Light & Verity

Biologist to head Yale's environment school

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Sir Peter Crane was knighted for his work in plant conservation. View full image

If you want to know the focus of the outgoing dean of the School of Forestry & Environmental Studies (F&ES), just read the title of his latest book: The Bridge at the Edge of the World: Capitalism, the Environment, and Crossing from Crisis to Sustainability. The most recent book by the incoming dean -- Sir Peter Crane, whose appointment was announced in March -- suggests a different focus: The Origin of Modern Terrestrial Ecosystems: Fossils, Phylogeny, and Biogeography.

By choosing an evolutionary biologist to succeed James Gustave "Gus" Speth ’64, ’69LLB, an outspoken expert in law and policy, is F&ES shifting its emphasis from advocacy toward science? Not at all, says Crane, a professor at the University of Chicago and former director of the Royal Botanic Gardens in Kew, England. "I'm a firm believer in speaking out on issues. So I would be sad if there was any diminution in the school's profile," he says. "The issue is how to get the balance right between the science and the more activist side of the environmental agenda. We need to do both, and we need to do both very well."

Speth, a founder of the Natural Resources Defense Council and a former United Nations development official, helped draw attention to the school. His decade as dean brought significant growth in F&ES's faculty, course offerings, number of international students, and fund-raising. He has also served as a leader in Yale's institutional greening -- prodding President Richard Levin to reduce the university's greenhouse gas emissions, for example, and overseeing the creation of the school's new headquarters, Kroon Hall, a showpiece of green design that opened this spring. After retiring from Yale, Speth will join the faculty of the Vermont Law School.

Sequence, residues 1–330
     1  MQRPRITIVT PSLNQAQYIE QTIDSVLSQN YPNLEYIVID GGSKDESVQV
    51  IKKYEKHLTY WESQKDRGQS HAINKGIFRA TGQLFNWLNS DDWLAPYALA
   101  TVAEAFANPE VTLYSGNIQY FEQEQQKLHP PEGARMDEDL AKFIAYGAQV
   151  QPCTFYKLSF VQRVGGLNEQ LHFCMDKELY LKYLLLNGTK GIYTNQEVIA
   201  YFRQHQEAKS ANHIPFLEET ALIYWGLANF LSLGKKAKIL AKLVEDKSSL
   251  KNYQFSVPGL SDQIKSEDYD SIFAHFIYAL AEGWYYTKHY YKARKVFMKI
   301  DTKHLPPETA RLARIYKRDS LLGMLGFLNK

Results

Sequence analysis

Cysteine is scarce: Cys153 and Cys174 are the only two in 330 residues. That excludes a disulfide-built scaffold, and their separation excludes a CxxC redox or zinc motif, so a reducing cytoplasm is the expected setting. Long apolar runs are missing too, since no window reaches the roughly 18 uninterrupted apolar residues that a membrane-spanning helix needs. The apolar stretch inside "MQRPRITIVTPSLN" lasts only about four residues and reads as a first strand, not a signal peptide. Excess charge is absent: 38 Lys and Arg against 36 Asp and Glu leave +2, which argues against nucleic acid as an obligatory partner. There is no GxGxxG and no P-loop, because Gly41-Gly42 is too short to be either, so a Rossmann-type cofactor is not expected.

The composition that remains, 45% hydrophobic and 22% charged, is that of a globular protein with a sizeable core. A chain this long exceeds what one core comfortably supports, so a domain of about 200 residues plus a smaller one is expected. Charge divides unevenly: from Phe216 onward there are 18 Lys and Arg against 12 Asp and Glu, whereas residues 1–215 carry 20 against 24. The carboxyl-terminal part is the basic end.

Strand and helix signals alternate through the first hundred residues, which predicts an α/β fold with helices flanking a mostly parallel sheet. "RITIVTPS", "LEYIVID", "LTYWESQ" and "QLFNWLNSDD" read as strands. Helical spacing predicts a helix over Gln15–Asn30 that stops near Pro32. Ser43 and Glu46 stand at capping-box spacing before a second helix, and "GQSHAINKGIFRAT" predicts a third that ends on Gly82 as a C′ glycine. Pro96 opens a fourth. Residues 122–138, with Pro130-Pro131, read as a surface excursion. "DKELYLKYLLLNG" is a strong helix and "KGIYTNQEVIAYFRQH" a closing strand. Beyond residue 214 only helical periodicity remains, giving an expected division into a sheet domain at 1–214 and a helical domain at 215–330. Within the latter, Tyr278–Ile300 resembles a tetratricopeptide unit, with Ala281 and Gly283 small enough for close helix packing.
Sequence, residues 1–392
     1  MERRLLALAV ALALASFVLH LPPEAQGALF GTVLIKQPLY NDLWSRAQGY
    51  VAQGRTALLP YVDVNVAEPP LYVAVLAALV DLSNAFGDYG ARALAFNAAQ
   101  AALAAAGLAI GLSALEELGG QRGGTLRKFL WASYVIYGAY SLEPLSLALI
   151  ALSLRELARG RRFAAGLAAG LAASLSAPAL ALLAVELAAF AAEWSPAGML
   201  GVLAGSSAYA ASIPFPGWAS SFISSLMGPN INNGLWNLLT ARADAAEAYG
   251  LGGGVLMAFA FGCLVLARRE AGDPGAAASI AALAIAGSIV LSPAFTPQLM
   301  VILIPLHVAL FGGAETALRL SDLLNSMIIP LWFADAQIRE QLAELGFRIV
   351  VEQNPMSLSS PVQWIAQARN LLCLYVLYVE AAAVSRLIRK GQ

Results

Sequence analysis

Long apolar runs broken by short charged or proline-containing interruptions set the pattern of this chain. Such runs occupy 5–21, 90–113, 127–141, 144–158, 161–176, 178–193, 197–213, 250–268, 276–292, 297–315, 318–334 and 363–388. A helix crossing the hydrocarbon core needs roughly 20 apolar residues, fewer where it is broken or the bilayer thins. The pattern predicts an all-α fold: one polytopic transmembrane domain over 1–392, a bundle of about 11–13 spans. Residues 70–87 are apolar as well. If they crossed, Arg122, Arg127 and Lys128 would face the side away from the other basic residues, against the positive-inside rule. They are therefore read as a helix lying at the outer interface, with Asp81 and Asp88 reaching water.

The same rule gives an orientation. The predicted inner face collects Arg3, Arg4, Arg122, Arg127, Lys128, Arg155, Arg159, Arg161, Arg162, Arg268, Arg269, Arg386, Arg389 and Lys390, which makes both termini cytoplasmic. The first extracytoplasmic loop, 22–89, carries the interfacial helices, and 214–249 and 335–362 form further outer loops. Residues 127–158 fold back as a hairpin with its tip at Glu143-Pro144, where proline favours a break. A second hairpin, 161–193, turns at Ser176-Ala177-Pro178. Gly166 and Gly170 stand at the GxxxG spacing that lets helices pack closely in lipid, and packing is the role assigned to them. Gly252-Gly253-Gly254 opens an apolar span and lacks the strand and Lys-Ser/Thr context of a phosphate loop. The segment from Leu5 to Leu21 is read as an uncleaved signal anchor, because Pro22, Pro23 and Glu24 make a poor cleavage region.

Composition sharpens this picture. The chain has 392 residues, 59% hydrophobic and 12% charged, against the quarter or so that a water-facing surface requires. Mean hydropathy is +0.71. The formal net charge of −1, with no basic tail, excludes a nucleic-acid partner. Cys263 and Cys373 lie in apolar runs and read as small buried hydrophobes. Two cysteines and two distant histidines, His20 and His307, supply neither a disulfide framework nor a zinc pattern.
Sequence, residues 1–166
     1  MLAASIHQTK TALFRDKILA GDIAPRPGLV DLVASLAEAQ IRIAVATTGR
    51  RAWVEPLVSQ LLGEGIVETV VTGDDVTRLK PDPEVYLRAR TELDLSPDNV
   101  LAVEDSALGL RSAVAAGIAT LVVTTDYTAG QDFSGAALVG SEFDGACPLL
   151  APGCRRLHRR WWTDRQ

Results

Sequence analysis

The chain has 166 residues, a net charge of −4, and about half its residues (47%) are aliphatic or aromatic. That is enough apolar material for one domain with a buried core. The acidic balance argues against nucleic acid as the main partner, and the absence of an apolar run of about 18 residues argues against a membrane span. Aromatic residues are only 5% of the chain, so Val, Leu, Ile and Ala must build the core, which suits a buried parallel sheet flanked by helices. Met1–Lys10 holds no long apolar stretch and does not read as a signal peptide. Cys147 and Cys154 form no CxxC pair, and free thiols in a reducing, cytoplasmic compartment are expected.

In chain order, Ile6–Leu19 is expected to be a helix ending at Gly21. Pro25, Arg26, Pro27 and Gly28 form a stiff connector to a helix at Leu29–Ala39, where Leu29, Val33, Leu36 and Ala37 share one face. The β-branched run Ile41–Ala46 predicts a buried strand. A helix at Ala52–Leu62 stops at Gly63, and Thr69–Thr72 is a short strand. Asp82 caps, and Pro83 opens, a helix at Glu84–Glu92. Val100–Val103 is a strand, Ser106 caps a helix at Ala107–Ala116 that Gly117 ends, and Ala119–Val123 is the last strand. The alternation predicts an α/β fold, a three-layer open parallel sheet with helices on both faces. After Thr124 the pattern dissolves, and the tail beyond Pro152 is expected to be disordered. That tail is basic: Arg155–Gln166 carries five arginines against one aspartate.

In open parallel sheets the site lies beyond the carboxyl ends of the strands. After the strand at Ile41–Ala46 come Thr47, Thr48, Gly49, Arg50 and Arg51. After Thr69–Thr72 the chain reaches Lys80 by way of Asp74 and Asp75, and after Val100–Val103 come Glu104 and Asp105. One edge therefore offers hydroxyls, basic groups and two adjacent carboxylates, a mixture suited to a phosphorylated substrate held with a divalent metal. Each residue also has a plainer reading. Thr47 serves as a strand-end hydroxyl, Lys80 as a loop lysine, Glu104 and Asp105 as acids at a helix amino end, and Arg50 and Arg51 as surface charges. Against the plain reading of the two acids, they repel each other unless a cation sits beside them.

Crane has a lower political profile, although he was knighted in 2004 for his service to plant conservation. Like Speth, he brings an urgency about climate change and other pressing environmental issues. An expert in biodiversity, he helped establish the Millennium Seed Bank, a vault in Great Britain in which scientists are preserving seeds of wild plants threatened with extinction.

Crane says it's too early to know just what the school's role will be in the next few years, but that the school's interdisciplinary faculty will find its way. "We can't do it all; we're going to have to pick our spots," he declares. "We're going to have to think carefully about the kind of training we want to provide. And we need to do that together." 

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